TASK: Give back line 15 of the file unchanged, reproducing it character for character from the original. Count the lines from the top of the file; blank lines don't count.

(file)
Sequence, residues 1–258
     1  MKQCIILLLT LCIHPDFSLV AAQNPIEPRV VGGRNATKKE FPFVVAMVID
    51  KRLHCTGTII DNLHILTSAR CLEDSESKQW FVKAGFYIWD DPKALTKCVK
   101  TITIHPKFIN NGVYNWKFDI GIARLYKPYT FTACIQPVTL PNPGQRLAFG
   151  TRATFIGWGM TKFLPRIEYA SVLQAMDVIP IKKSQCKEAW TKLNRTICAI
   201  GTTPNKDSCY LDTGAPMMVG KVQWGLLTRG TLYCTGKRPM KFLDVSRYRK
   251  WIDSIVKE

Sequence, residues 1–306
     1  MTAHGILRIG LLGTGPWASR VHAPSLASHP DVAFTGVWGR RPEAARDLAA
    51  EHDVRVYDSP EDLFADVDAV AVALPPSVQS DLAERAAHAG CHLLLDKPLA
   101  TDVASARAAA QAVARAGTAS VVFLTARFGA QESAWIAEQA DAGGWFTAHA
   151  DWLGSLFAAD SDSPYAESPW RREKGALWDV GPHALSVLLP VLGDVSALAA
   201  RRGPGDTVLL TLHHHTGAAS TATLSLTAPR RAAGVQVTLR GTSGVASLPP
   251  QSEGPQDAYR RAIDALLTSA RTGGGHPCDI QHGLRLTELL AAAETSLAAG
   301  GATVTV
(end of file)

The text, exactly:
   301  GATVTV